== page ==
This episode about how to safely return to exercise after baby is an interview with Lisa Westhorpe, MS, Postpartum Corrective Exercise Specialist of Nurture OT.
2:00 background in occupational therapy and personal experience 4:00 current guidelines and why “one size fits all” is dangerous postpartum 6:30 common mistakes new Moms make with regards to fitness 8:00 helpful mindset considerations for Type A Moms who want to return quickly 9:00 importance of coping strategies 10:00 active ideas for modeling healthy behavior with kids 12:00 where you can find Lisa online
Who is Lisa?
Lisa Westhorpe is a masters-level qualified occupational therapist and mama of two with a passion for supporting women during their motherhood journey.
Her interest in women’s health started after her own challenging experiences of pregnancy and early motherhood.
After experiencing both physical and emotional challenges during pregnancy and the postnatal period, she spent many hours studying how to help and support herself back to feeling well.
In addition to courses on perinatal mental health, infant development and time management for busy moms, she gained her qualification as a Postpartum Corrective Exercise Specialist in 2019, so that I can use my knowledge of adapting exercises to help moms return to exercise safely.
She knew she was not alone in finding the transition to motherhood challenging. After speaking to so many mothers who expressed an interest in receiving support, she founded Nurture Occupational Therapy in early 2019 to help meet this significant unmet need.
Lisa is passionate about supporting birth choices, educating parents-to-be on the fourth trimester, ensuring parents can take care of their bodies while taking care of baby, and promoting a safe return to exercise.
What’s the guideline, anyway?
Lisa specializes in core and pelvic floor health, related to posture and breathing, so moms can return to exercise safely after baby.
To this point her job has been tough when Physicians have stated mothers could return to exercise in 6 weeks after a vaginal delivery and 8 after a c-section.
Thankfully, medical professionals now advise doubling that number. Physical therapists worldwide are clamoring to be heard loud and clear that the 6-8 guideline is too soon and it is creating a host of issues related to pelvic floor health and exercise related injuries.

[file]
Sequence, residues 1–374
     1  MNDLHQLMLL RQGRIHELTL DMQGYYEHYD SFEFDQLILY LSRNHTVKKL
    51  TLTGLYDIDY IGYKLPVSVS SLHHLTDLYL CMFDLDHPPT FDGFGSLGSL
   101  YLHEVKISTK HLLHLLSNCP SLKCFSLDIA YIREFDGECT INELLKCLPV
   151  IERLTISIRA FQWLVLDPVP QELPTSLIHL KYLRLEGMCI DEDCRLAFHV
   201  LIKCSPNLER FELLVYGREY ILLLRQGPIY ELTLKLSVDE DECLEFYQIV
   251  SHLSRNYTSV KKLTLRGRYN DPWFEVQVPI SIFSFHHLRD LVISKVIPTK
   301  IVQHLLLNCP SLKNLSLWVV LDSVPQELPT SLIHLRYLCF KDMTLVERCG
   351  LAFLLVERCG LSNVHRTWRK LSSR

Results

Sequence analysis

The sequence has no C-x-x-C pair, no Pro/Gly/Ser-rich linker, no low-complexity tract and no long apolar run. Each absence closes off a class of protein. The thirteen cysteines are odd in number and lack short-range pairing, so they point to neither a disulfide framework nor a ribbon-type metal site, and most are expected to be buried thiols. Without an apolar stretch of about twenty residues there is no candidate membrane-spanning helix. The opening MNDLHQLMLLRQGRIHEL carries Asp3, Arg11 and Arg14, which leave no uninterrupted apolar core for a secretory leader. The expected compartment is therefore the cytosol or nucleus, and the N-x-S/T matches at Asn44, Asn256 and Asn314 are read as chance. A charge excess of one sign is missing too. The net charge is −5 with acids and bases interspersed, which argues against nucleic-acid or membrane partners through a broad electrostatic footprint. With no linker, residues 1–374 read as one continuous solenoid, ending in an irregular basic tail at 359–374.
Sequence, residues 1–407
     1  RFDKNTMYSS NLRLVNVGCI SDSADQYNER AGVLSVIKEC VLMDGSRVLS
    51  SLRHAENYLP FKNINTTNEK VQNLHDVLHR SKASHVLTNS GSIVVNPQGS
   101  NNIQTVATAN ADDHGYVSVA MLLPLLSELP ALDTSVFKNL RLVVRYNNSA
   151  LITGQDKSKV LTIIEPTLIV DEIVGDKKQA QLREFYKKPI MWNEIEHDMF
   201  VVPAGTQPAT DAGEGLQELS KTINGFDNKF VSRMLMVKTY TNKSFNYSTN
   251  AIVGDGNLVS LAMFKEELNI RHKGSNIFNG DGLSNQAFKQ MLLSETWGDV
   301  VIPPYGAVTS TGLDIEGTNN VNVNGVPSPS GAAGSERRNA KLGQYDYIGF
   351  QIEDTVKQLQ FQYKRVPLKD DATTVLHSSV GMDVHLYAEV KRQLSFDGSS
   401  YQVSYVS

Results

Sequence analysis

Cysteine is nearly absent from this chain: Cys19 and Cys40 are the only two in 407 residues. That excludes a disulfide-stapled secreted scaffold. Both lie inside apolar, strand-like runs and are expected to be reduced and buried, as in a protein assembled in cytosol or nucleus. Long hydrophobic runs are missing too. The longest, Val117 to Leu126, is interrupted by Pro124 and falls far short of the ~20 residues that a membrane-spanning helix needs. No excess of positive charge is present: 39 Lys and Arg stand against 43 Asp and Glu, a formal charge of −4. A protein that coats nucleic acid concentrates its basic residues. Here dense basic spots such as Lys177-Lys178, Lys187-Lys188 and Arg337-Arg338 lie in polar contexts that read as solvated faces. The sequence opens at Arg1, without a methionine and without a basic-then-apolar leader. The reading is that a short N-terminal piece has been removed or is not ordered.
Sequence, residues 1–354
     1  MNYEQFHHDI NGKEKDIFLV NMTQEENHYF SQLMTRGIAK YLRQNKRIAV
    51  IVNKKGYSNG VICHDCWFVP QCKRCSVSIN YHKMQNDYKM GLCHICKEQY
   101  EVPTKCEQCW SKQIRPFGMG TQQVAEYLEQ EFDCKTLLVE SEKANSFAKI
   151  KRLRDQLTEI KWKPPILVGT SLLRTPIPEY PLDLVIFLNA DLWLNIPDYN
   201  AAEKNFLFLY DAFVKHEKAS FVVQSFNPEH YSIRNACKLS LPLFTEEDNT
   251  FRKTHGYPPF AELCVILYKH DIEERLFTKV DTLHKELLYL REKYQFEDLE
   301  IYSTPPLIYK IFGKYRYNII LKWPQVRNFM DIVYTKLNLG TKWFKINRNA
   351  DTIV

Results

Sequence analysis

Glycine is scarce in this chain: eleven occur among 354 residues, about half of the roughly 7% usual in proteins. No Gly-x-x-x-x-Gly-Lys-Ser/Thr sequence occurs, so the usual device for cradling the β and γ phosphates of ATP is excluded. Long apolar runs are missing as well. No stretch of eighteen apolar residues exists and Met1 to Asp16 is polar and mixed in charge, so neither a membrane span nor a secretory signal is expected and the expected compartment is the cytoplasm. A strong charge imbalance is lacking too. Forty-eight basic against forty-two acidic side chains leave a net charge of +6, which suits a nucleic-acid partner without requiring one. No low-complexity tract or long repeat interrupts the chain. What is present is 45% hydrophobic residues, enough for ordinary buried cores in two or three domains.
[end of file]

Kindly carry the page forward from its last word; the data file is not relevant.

A 2019 study by famed UK physiotherapist Tom Goom (who has incredible information for runners), and colleagues Grainne Donnelly, and Emma Brockwell, strongly suggests women wait 12 weeks before resuming running. (Walking and other lower-impact impact activities are encouraged!).
Why the new timeline?
Well, the truth is, many of us are mentally ready to run or lift before our bodies are. Some may be ready before that 12-week mark but it’s important to be screened for readiness.
The researchers explain what happens biologically that needs to reverse before we hit the pavement or trails:
“The levator hiatus widens during pregnancy and increases significantly during vaginal birth. Recovery time for the tissues is understood to be between 4-6 months, well beyond the traditional concept of full recovery by the 6-week postnatal check,” states the study. “If we consider cesarean section deliveries, we understand that abdominal fascia has only regained just over 50% of original tensile strength by 6-weeks post abdominal surgery and 73%-93% of original tensile strength by 6-7 months.”
The researchers note that pelvic health physiotherapists around the world are passionate about raising awareness of the extended recovery period that is actually needed. Indeed, soft tissue is only about 75% healed at 6 weeks.
“Often for litigation purposes, the 6-week milestone is one that serves as a tick box confirming readiness and suitability to return to an exercise class, sporting activity, or elite training. The healing process, however, extends well beyond this, and it is essential that the narrative on this subject changes and adapts to better serve our sporting women.”It is now recommended that new moms wait at least 12 weeks before resuming running postpartum.
Other postpartum exercise episodes
I spoke with Founder of MUTU System, Wendy Powell, about how to restore and repair your pelvic floor. This was a huge interview for me personally, as Wendy is a leader in the postpartum fitness community!
Alsofrom MUTU System in a trainer role, Ashley Gammon spoke with me about Diastasis Recti and pelvic floor weakness:
I spoke with Street Parking Founder, Miranda Alcaraz, last season! You can hear her talk about the concept of “More than Nothing” in the context of fitness as well as motherhood.
Also from Street Parking, co-creator of the maintenance and postpartum program Carolina Stone was on the show discussing postpartum fitness from a movement pattern and mechanics standpoint.
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The podcast episode associated with this post is made possible by the following partners:
Red H Nutrition (use RUNLIFTMOM to save 25% on anything)